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The future of burns is elastic

Burns are extremely dangerous, distressing and disfiguring. Over 6 million people worldwide suffer from severe burns each year.

In Australia it costs around $700,000 to treat a single patient with major burns. Current treatments are not adequate as skin grafts from elsewhere on a patient only work well if a small area is burned. For large burns there isn’t enough healthy skin, and grafts from other people are often rejected. Existing skin substitutes can have biocompatibility issues, or they don’t overcome wound contraction.

Prof. Tony Weiss’s team at the University of Sydney works on the basic biology of elastin and on developing a range of elastin-based products that encourage skin healing.
Elastin is a crucial building block in our bodies – it forms part of a flexible protein network that allows skin to stretch and twist, blood vessels to expand and relax with every heartbeat, and lungs to swell and contract with each breath. The research team’s early work focused on developing a method to produce synthetic human elastin that can be either formed into a hydrogel matrix or spun into fibrous scaffolds mimicking the underlying structure and elasticity of normal human skin. New skin cells grow into the scaffold and the stretchiness of elastin provides lasting elasticity to the healed wound. This elasticity is very important to effective healing of burns.

More recently, the researchers along with collaborators in the United States have developed a slightly modified form of elastin into a highly elastic and sticky surgical glue, called MeTro, that quickly seals wounds without the need for staples or sutures. Its high elasticity makes it ideal for sealing wounds in tissues that continually expand and relax, such as lungs, hearts and arteries, which are otherwise at risk of re-opening. The material also works on internal wounds in hard-to-reach areas. When treated with UV light, MeTro sets in just 60 seconds. The technology has a built-in degrading enzyme which can be modified to determine how long the sealant lasts – from hours to months. Preclinical testing of MeTro has successfully sealed incisions in the arteries and lungs of rodents and the lungs of pigs.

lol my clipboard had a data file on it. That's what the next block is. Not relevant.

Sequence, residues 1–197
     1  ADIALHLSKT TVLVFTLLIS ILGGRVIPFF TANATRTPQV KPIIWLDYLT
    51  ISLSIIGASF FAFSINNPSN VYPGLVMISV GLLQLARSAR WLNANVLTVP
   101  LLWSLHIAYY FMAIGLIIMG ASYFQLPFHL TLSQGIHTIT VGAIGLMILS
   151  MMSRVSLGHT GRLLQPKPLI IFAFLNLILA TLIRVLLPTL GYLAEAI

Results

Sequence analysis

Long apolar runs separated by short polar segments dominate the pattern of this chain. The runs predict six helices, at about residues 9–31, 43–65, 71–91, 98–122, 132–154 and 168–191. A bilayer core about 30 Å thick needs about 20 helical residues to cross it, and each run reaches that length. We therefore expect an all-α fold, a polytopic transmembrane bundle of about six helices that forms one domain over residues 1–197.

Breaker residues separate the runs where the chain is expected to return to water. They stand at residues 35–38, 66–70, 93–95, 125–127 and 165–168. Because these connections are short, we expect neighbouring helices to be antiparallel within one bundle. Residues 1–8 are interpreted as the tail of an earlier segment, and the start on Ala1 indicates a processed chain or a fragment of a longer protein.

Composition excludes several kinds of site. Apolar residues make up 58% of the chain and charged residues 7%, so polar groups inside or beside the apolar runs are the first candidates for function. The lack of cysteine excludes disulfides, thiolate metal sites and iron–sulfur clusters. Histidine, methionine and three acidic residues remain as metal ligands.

A range of microscopy techniques including scanning electron and confocal microscopy, done at Microscopy Australia at the University of Sydney, have been essential to the work of Prof. Weiss’s team and Elastagen in studying elastin and their different product structures and how well these interact with cells.

Elastagen has been highly successful in attracting investment and in 2018 was bought by Allergan for $120M+.

Ref: Suzanne M. Mithieux, et al. 2018 Adv. Healthcare Mater., 1701206

Elastagen website


October 22, 2012